100 Word Challenge: Future

In the late 50s, 60s and 70s, we had some really cool stuff. My generation was the first to have boom boxes and Pop Rocks, roller blades, Sony Walkman, Pong and Star Wars. I can remember with great clarity where I was when Neil Armstrong first walked on the moon.

We had the original Boy Bands – the Jackson Five and the Osmond Brothers. On the downside we had the assassinations of Pres. John F. Kennedy and Dr. Martin Luther King, Jr., and nightly newscasts giving the daily death tolls of our soldiers fighting in Vietnam.

We Baby-Boomers were human remote controls. We played outside until street lights came on, we ate white bread and butter, we lived on soda pop and Moon Pies, and we survived.

What my generation had that my children’s doesn’t:

  1. 8-track tapes
  2. Rotary phones
  3. Party telephone lines
  4. Road maps
  5. Rabbit ears/roof top antennas
  6. S&H Green Stamps
  7. Cars with only front seat lap belts
  8. Crank car windows
  9. 25¢ per gallon leaded gasoline
  10. 48 United States

I think about the incredible world that my children have inherited. Technology that was once the stuff of science fiction fantasy. Changes in our social and political landscape that are both fantastic and frightening.

What our kids’ generation have, that we didn’t:

  1. The Internet
  2. Smartphones
  3. Cable/satellite TV
  4. Debit Cards
  5. GPS
  6. Harry Potter
  7. Starbucks
  8. Hybrid cars
  9. Reality Television
  10. Wireless Communication

Millennials are connected in ways we couldn’t image even 20 years ago. News is instantaneous. They can have a face-to-face conversation with someone thousands of miles away. They can ask their telephones questions and it answers them. Everything they could want is a key click away.

Sadly, they have al-Qaeda, the Taliban and Isis; September 11 and Boko Harem.

They have Black Lives Matter, Marriage Equality and a heightened social conscience. Though most are too young to remember, Millennials also saw the fall of the Berlin Wall.

What does the next 20 years portend? What will our children’s children have that their parents don’t have now?

“The future, according to some scientists, will be exactly like the past, only far more expensive” ~ John Sladek

This week’s word is:

Future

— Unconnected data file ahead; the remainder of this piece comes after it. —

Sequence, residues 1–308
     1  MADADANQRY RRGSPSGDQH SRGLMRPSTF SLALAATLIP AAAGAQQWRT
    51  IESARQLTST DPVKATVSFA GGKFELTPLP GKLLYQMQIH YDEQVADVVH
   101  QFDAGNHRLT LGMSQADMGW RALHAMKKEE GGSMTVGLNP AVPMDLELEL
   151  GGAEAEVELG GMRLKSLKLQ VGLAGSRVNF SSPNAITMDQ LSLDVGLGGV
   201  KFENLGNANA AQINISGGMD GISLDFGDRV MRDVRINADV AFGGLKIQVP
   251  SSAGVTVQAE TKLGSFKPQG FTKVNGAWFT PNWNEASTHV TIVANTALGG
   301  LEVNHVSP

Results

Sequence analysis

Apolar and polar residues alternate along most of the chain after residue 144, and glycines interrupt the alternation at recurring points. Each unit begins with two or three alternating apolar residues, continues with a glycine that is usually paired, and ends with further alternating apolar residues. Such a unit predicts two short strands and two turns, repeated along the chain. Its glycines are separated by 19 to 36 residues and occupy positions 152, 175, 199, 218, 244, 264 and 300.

What to do:

Using “future” for inspiration, write 100 Words – 100 exactly – no more, no less. You can either use the word – or any form of the word – as one of your 100, or it can be implied. Include a link in your post back here, and add your story to the Mister Linky list. If you don’t have a blog, you can leave your submission in the comment section, or as a Facebook status post. Remember to keep spreading the love with supportive comments for your fellow Wordsters.

6 thoughts on “100 Word Challenge: Future

  1. I hope the next generation carries on fighting for equality but do worry that without looking around them, because they’re heads down into social media, they won’t realise what’s happening. Terrorism is not new. I grew up with playing outdoors and terrible TV and no IT but also grew up with the threat of the IRA. There was also, on mainland Europe, the Bader Meinhof gang and ETA. Unfortunately terrorism seems to be a human trait, it’s just that the “reasoning” behind it changes from time to time. I hope that the majority of today’s young people have a heart for justice and compassion and show what kindness and equality can achieve.

    Liked by 1 person

  2. I have none of those things I’ll take for granted one day. I have no small rectangle on which to communicate with friends and total strangers or listen to music or read or find out about anything or use my fingers to battle monsters and obstacles. Right now I’m making dens, climbing trees, kicking a ball, listening to birds. Right mow, I have no idea what is happening beyond my little world. I have none of those things I’ll take for granted one day. I say one day. Maybe today. I hope Dad relents and gives my tech back soon.

    Liked by 1 person

  3. A very interesting post- I enjoyed it very much. Partly also because I love anything to do with yesteryears, with an added sense of yearning nostalgia. I was born towards the tail end of Gen X, and things suddenly changed after that. So I appreciate the difference, though I feel comfortable in the former.

    Liked by 1 person

  4. I like to think that my kid(s) will be able to see some great civil rights and environmental victories. We’ve all come a long way in the last several decades, but I feel like things are coming to a head now. I really like this post! It’s not every day you see something comparing what millennials and baby boomers have/had without badmouthing either generation.

    And here’s my contribution to the prompt: https://fictiontrials.wordpress.com/2017/04/26/100wordchallenge-future/

    Liked by 1 person

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